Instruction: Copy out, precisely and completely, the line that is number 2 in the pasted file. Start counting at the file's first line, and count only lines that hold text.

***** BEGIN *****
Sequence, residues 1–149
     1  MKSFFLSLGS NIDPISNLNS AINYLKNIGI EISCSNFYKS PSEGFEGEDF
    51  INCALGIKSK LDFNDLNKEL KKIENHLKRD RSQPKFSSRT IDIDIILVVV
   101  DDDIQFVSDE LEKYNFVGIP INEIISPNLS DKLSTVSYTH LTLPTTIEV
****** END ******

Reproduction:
     1  MKSFFLSLGS NIDPISNLNS AINYLKNIGI EISCSNFYKS PSEGFEGEDF